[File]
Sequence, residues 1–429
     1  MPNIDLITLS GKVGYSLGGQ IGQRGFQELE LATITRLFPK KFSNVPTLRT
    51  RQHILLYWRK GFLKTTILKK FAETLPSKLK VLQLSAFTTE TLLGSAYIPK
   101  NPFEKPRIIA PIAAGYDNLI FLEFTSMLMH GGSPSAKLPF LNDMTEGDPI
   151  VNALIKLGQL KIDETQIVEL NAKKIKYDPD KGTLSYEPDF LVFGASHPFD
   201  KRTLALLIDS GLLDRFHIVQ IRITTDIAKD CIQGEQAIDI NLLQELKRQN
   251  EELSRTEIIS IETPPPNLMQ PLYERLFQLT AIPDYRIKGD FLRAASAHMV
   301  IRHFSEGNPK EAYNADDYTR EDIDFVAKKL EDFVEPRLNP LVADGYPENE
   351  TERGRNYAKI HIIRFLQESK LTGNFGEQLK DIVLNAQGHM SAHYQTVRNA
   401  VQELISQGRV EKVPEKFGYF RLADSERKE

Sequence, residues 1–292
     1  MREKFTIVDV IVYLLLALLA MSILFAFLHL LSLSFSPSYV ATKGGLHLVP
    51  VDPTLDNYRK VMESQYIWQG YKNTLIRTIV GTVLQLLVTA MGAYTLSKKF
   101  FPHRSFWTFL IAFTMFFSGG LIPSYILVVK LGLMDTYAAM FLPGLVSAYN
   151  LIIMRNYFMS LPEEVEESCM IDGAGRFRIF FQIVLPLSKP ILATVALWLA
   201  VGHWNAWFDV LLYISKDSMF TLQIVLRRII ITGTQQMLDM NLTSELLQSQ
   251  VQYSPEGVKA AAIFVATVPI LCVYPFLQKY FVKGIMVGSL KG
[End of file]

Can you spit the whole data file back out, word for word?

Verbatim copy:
Sequence, residues 1–429
     1  MPNIDLITLS GKVGYSLGGQ IGQRGFQELE LATITRLFPK KFSNVPTLRT
    51  RQHILLYWRK GFLKTTILKK FAETLPSKLK VLQLSAFTTE TLLGSAYIPK
   101  NPFEKPRIIA PIAAGYDNLI FLEFTSMLMH GGSPSAKLPF LNDMTEGDPI
   151  VNALIKLGQL KIDETQIVEL NAKKIKYDPD KGTLSYEPDF LVFGASHPFD
   201  KRTLALLIDS GLLDRFHIVQ IRITTDIAKD CIQGEQAIDI NLLQELKRQN
   251  EELSRTEIIS IETPPPNLMQ PLYERLFQLT AIPDYRIKGD FLRAASAHMV
   301  IRHFSEGNPK EAYNADDYTR EDIDFVAKKL EDFVEPRLNP LVADGYPENE
   351  TERGRNYAKI HIIRFLQESK LTGNFGEQLK DIVLNAQGHM SAHYQTVRNA
   401  VQELISQGRV EKVPEKFGYF RLADSERKE

Sequence, residues 1–292
     1  MREKFTIVDV IVYLLLALLA MSILFAFLHL LSLSFSPSYV ATKGGLHLVP
    51  VDPTLDNYRK VMESQYIWQG YKNTLIRTIV GTVLQLLVTA MGAYTLSKKF
   101  FPHRSFWTFL IAFTMFFSGG LIPSYILVVK LGLMDTYAAM FLPGLVSAYN
   151  LIIMRNYFMS LPEEVEESCM IDGAGRFRIF FQIVLPLSKP ILATVALWLA
   201  VGHWNAWFDV LLYISKDSMF TLQIVLRRII ITGTQQMLDM NLTSELLQSQ
   251  VQYSPEGVKA AAIFVATVPI LCVYPFLQKY FVKGIMVGSL KG